Does this all meld together perfectly? No, but the basic T story is interesting and well written enough to hold your interest. And more to the point, T himself is quite interesting: vain, driven, money crazy, venal even yet humane and concerned with the future of the Earth and also with finding Love.
Millet is not completely successful here; certainly not as successful as she is in "My Happy Life" whose narrative flow is perfection and in which Millet's point of view is secure and complete. Yet , "How the Dead Dream" is certainly a qualified success: full of flavor, full of love...ripe with the sweetness and tartness of a perfect, in-season fruit.
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on November 18, 2015
"How the Dead Dream" is a surprising dramatization of how one man's consciousness evolves from utilitarian concerns to philosophical insight. The protagonist, T (short for Thomas, although his name seldom appears; especially in the latter half of the novel, he is indicated by pronouns), begins his life fascinated by money: its visual appearance and tactile qualities, the many means by which it might be accumulated, the important differences it can make when effectively disbursed. A series of traumatic personal experiences, however, turns his mind from the ways of getting and spending, and toward matters of existential significance. Intimate instances of disappearance and death de-center T's world, yet it is the process of extinction--or rather, his awareness that this phenomenon is well underway and all around us--that changes his worldview.

The existential truth T recognizes is simple and profound: life is always in the process of passing away. Except by not acting in ways that tend to accelerate extinction, no reformation of behavior or attitude will enable us to avoid the inevitable endpoint of global death. The triumph of "How the Dead Dream" is its success in communicating this dire truth without becoming ponderous, gloomy, or despondent. Still, its vision is dark; defeat is foreordained. The only way to escape despair is to shift one's conception of the predicament: to think of it not as a contest with a loser/winner outcome, but to accept it as a natural process infinitely more powerful than human intention, or desire.

Nothing in Millet's premise is objectionable and her rendition of narrative events is plausible, crisp, insightful, both smart and wise, and often humorous (one perfect scene roughly three-quarters into the book is worth the price of admission all on its own). At the same time, much of what happens feels not just unexpected but downright strange; and T's response, both to specific circumstances and in total, seems unusual--not just idiosyncratic but so weird as to seem forced (by the author) to the end of illustrating a theme. The grief he feels after hitting a coyote with his car and watching it die seems exceptionally disproportionate--unless one reads his response as a welling-up of repressed emotion that is more properly attached to his father's renunciation of their family and his mother's encroaching dementia. This incident occurs early in T's movement from deal-maker and unsentimental "fixer" to existential philosopher, and may be read as the precipitating accident that turns his consciousness from matters associated with the former to ruminations more typical of the latter. As such, it is acceptable in terms of craft, however surprising it seems in terms of verisimilitude. The problem--if it is a problem rather than the novel's point--is that T's strongly compassionate responses to the many sufferings and disappearances of various animals tend to equal in emotional force his reactions to personal losses of human beings, including the sudden death of his fiancée. Are the lives of animals, both individual and species, equal to human lives? For T, the answer seems to be "yes."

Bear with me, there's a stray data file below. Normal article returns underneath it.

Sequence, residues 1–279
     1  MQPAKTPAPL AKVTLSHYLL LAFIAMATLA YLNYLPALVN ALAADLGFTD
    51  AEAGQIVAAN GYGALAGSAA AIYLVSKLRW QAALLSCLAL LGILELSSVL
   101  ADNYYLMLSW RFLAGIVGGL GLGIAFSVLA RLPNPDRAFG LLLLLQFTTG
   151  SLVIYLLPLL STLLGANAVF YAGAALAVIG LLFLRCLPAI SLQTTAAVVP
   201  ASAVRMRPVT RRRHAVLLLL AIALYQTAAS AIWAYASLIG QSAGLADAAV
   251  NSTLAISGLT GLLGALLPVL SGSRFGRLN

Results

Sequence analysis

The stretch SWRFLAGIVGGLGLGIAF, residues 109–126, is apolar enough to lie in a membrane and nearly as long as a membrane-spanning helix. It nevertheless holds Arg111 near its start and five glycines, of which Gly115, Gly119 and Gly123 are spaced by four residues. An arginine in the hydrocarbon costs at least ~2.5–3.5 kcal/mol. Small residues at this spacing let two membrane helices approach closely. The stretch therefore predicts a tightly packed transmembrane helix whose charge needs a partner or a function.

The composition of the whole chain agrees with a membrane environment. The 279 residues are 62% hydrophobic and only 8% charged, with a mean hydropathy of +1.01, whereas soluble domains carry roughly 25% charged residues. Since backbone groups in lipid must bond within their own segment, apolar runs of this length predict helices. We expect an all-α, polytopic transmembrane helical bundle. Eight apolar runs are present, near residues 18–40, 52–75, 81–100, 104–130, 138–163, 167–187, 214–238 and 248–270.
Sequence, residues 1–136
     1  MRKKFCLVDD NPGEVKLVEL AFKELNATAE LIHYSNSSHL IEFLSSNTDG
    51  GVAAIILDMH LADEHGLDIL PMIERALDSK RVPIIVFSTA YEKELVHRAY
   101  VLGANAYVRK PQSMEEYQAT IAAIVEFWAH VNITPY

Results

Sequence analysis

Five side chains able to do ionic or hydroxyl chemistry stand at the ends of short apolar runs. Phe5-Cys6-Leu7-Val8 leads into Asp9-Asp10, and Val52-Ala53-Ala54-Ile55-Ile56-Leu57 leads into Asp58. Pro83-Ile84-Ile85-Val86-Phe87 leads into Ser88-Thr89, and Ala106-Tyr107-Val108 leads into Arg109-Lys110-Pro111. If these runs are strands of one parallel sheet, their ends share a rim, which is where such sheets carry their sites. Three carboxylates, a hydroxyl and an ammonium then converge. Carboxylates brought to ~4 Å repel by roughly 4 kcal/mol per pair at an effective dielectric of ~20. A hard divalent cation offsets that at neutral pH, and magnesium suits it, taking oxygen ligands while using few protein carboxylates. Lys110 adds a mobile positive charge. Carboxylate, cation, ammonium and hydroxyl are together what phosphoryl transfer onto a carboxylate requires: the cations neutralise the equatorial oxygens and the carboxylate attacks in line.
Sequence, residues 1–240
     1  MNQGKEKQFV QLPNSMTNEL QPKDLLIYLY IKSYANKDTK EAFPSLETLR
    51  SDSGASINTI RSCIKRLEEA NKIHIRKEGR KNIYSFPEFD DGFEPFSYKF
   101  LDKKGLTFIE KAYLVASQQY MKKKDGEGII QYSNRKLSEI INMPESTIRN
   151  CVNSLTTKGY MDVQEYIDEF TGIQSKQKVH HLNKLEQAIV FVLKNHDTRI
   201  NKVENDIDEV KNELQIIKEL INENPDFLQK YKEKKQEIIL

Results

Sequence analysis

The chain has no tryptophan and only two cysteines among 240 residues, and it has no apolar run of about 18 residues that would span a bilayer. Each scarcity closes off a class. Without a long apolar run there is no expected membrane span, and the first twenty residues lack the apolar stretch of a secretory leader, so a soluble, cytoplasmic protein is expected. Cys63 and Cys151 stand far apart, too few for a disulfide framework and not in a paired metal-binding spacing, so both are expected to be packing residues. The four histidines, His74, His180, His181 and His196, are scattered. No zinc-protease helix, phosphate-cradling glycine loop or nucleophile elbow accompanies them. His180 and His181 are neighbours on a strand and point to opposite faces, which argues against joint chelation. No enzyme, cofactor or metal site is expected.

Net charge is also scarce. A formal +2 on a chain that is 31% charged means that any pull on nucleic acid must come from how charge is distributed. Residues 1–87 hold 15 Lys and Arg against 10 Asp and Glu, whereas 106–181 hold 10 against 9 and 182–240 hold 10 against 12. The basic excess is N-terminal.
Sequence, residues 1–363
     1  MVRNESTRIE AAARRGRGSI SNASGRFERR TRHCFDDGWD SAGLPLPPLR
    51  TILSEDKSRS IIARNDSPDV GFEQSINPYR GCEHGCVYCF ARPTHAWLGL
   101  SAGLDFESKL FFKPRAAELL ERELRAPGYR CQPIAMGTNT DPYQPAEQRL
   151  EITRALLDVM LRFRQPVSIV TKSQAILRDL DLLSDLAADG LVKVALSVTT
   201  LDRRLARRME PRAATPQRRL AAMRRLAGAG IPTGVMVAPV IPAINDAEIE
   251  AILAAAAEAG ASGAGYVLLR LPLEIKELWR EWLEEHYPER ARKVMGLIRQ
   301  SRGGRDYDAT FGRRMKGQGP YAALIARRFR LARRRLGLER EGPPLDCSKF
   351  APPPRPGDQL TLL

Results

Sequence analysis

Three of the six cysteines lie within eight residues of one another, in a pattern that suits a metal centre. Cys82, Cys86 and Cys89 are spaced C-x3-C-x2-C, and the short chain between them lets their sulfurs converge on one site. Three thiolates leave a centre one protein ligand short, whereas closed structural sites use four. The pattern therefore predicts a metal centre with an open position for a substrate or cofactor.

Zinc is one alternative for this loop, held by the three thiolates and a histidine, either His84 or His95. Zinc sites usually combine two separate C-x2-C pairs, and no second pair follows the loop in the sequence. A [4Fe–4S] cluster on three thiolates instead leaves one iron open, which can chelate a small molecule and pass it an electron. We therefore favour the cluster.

One might argue that this equivalence is wholly appropriate, given the novel's premise that "we are all in this together" (my cliché; Millet's language is better): that humans are a part of nature and that when nature dies, people, too, are dying. However, to know something is true is not the same as feeling it to be so. As sincerely, albeit reluctantly, as one might acknowledge the truth that universal extinction is inevitable, it is difficult to take this truth to heart and carry it in one's consciousness moment-by-moment. Like the foreknowledge of one's own death--always impending, swiftly forgotten--it is a truth we repress in order to live a while longer. T's tragedy--and, thanks to the author, his fate--is his inability to repress this awareness. Is it wisdom, or morbid sentimentality? A bit of both, perhaps, more or less so depending on one's ideas of human exceptionalism vis-à-vis species-levelling. By any measure, it is a cruel knowingness that changes T's life and presently ends it.
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on January 12, 2008
After reading Lydia Millet's wonderful masterpiece OH PURE AND RADIANT HEART last year, I quickly got my hands on all her previous books and started waiting impatiently for her next. It has finally arrived. HOW THE DEAD DREAM, while not as epic, as sprawling or as colorful as Millet's previous novel, is still a powerfully affecting, extremely effective novel filled with the author's typically gorgeous prose. Millet's books tend to be offbeat, and each is so different from every other that while you never know what you're going to get from her, you can always be sure it will be well worth your time getting it. HOW THE DEAD DREAM is no exception and only further confirms Millet's status as a bold and important novelist.